The Third and Seventh circuits on Friday offered their conflicting takes on whether a claimed statutory privacy violation is enough to establish standing under the U.S. Supreme Court's Spokeo ruling, highlighting a potentially more welcoming atmosphere in the Third Circuit and placing a significant emphasis on exactly how a plaintiff's privacy rights were allegedly violated.
Sen. John Thune, R-S.D., the chairman of the Senate Commerce Committee, said Monday that he wants to find a bipartisan “legislative solution” to protecting the open internet, following repeated Republican criticism of the FCC’s order on net neutrality.
The consumer suing Spokeo over its alleged reporting of inaccurate information in violation of the Fair Credit Reporting Act on Monday directed the Ninth Circuit’s attention to a pair of recent appellate court decisions, including one by the Ninth Circuit, which he says confirms his own standing to sue.
A California federal judge on Monday rejected the Cachil DeHe Band of Wintun Indians of the Colusa Indian Community’s bid to resurrect its claims challenging another tribe’s proposed casino hotel, saying the Colusa’s attempt to rehash already-rejected arguments failed.
The Ninth Circuit ruled Monday that adult website operator Perfect 10 Inc. couldn’t directly sue an online service provider over images illegally shared by users over its network, rejecting the argument that the U.S. Supreme Court's Aereo ruling had removed the so-called “volitional conduct” requirement for such claims.
Jay Z's Roc Nation LLC on Monday in Texas federal court won its bid to throw out the last claim against it in a suit accusing the entertainment company’s athlete marketing unit of poaching Dallas Cowboys wide receiver Dez Bryant from another marketer.
Advocacy group Public Knowledge pledged in an open letter Friday to fight anew for affordable communications and freedom of expression as President Donald Trump was sworn in and a GOP commissioner opposed to the 2015 Open Internet Order was selected as chairman.
A Mexican grower whose failed relationship with a U.S. produce marketer led to six years of litigation and arbitration has urged an Arizona federal judge to convert its award into a $1.2 million judgment against the marketer.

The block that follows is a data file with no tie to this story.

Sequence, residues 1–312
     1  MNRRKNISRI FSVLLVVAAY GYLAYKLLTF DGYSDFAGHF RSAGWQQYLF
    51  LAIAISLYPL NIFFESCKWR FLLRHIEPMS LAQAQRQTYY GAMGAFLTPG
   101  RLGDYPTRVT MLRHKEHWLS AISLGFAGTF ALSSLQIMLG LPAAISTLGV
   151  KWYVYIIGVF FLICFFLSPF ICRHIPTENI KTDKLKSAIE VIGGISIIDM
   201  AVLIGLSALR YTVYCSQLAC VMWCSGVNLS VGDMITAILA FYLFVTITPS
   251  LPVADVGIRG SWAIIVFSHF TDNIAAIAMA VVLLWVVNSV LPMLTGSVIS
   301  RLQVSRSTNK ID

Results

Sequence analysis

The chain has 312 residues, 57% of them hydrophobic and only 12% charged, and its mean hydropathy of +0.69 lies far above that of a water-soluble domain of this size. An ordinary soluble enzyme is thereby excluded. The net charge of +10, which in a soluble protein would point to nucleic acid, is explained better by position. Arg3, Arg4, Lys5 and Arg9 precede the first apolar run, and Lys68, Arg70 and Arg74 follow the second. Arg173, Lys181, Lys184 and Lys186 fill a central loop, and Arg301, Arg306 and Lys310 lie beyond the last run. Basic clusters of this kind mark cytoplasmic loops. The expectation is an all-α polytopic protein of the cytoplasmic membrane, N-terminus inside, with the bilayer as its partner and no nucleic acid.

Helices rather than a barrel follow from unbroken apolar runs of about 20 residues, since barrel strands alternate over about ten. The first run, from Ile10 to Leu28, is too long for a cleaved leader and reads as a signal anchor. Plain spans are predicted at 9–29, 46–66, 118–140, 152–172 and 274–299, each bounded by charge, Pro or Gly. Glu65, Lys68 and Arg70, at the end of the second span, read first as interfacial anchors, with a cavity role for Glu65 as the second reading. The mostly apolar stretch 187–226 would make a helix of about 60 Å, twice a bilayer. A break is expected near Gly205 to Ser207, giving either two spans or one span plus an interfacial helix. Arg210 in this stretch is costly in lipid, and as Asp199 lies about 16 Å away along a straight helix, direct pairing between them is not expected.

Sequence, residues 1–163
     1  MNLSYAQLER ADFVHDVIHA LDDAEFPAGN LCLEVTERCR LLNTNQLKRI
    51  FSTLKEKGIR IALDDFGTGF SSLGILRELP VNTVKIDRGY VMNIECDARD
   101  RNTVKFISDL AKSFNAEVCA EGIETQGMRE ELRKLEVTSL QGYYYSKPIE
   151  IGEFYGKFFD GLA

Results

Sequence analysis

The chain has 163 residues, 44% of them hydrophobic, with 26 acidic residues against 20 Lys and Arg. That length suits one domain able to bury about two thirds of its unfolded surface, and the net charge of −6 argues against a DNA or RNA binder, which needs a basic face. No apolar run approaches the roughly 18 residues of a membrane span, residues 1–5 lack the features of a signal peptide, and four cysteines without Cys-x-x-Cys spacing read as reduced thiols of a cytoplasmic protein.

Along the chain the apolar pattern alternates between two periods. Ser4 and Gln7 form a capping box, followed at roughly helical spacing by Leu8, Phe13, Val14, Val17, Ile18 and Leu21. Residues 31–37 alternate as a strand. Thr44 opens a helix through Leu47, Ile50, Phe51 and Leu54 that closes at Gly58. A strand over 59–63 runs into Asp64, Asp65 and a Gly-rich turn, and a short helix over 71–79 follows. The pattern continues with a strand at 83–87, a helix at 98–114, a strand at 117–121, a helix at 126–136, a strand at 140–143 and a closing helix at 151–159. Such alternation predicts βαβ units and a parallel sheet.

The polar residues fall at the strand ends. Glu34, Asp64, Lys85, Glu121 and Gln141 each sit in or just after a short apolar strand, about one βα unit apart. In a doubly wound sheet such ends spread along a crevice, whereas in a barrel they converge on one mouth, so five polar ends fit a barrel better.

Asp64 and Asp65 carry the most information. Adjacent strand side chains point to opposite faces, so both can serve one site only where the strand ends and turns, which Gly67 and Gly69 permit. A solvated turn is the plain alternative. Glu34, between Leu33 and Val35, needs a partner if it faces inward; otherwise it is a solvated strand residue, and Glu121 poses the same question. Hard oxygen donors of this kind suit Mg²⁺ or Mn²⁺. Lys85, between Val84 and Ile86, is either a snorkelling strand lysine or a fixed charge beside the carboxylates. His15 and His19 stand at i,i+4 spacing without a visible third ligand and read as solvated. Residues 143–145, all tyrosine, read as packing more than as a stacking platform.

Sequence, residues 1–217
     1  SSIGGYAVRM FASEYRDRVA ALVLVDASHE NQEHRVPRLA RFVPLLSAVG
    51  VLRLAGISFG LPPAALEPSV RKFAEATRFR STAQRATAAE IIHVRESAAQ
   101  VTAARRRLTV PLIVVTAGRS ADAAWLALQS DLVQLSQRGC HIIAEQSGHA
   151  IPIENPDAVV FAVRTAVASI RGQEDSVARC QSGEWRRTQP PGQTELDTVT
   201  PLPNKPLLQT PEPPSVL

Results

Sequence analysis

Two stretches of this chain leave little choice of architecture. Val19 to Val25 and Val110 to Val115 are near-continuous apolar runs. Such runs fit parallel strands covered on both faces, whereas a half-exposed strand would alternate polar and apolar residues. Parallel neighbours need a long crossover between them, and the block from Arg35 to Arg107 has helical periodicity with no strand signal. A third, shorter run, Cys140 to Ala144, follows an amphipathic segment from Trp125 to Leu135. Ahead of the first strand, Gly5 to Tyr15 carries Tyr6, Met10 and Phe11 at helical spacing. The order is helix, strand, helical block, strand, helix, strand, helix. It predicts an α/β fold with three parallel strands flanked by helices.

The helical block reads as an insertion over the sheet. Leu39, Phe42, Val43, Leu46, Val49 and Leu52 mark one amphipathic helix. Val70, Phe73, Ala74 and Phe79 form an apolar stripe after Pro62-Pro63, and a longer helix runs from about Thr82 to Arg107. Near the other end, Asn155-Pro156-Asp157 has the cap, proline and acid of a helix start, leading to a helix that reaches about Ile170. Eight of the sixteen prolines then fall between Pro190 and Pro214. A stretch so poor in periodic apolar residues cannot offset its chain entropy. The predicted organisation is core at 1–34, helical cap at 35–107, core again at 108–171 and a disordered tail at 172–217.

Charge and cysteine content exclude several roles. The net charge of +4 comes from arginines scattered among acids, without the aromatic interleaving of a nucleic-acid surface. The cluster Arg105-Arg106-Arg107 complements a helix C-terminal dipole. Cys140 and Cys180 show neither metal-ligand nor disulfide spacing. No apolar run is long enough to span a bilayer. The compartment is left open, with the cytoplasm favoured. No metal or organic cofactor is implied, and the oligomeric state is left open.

An energy professional networking website urged a Texas federal judge Friday to keep a former executive in a suit claiming he conspired with others to steal information for a competitor's website, arguing it had adequately shown that he was a key member of the alleged conspiracy.
Universal Studios Hollywood theme park food stand attendants have hit NBCUniversal with a suit in California state court under the Private Attorneys General Act alleging it failed to pay minimum wages for all hours worked and failed to provide meal and rest breaks in violation of California state labor law.
The Picayune Rancheria of Chukchansi Indians asked a California federal judge on Friday to end another tribe’s bid to build a casino in Northern California, arguing that a tribe cannot force the state to allow gambling on a site that is not already set aside for it.
Copyright infringement claims against the publisher of the Yellow Pages are dead, a Delaware judge ruled Thursday, because the owner of stock photos used in the directories has already litigated those claims and the court has already issued a ruling on the matter. Correction: An earlier version of this story misstated the conclusion of the opinion. The story has been corrected.
Sprint and rapper Jay Z’s Tidal have entered into a partnership that will see the telecom giant acquire a 33 percent stake in the music streaming service and give Sprint’s 45 million retail customers access to its content, the companies said Monday.
The head of Arizona's gambling department told a federal court Friday that it should not reconsider an order denying the Tohono O'odham Nation’s bid for a quick win in a suit over its right to offer Las Vegas-style gambling near Phoenix, saying the nation’s bid to have the court rethink the order is procedurally improper.
AMC Theaters has agreed to buy private equity-backed Nordic Cinema Group Holding AB in a deal worth 8.25 billion Swedish krona ($929 million), the companies said Monday, adding to AMC’s portfolio one of the largest theater operators in Europe.
Irell & Manella LLP delivered important litigation victories for CBS, Hulu and other clients and helped to ink major deals like Wanda Group’s $3.5 billion acquisition of Legendary, earning the firm a spot among Law360's Media & Entertainment Groups of the Year.